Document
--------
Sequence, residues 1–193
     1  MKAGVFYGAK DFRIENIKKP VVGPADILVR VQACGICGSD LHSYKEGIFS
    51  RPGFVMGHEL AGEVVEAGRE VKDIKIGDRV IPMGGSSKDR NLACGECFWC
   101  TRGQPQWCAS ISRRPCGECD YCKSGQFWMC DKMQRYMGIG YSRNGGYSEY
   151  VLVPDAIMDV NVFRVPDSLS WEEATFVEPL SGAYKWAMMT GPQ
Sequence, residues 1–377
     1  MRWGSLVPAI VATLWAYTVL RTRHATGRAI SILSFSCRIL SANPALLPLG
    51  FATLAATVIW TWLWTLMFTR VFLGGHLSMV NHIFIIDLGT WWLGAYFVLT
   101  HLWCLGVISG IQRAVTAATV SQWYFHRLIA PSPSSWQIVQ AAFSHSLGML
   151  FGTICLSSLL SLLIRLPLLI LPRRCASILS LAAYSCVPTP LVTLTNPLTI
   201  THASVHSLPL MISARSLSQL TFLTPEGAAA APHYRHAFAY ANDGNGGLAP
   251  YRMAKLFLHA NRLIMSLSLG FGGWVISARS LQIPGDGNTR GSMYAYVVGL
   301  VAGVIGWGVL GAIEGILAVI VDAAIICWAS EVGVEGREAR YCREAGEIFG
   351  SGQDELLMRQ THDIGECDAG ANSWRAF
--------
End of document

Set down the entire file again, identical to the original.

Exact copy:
Sequence, residues 1–193
     1  MKAGVFYGAK DFRIENIKKP VVGPADILVR VQACGICGSD LHSYKEGIFS
    51  RPGFVMGHEL AGEVVEAGRE VKDIKIGDRV IPMGGSSKDR NLACGECFWC
   101  TRGQPQWCAS ISRRPCGECD YCKSGQFWMC DKMQRYMGIG YSRNGGYSEY
   151  VLVPDAIMDV NVFRVPDSLS WEEATFVEPL SGAYKWAMMT GPQ
Sequence, residues 1–377
     1  MRWGSLVPAI VATLWAYTVL RTRHATGRAI SILSFSCRIL SANPALLPLG
    51  FATLAATVIW TWLWTLMFTR VFLGGHLSMV NHIFIIDLGT WWLGAYFVLT
   101  HLWCLGVISG IQRAVTAATV SQWYFHRLIA PSPSSWQIVQ AAFSHSLGML
   151  FGTICLSSLL SLLIRLPLLI LPRRCASILS LAAYSCVPTP LVTLTNPLTI
   201  THASVHSLPL MISARSLSQL TFLTPEGAAA APHYRHAFAY ANDGNGGLAP
   251  YRMAKLFLHA NRLIMSLSLG FGGWVISARS LQIPGDGNTR GSMYAYVVGL
   301  VAGVIGWGVL GAIEGILAVI VDAAIICWAS EVGVEGREAR YCREAGEIFG
   351  SGQDELLMRQ THDIGECDAG ANSWRAF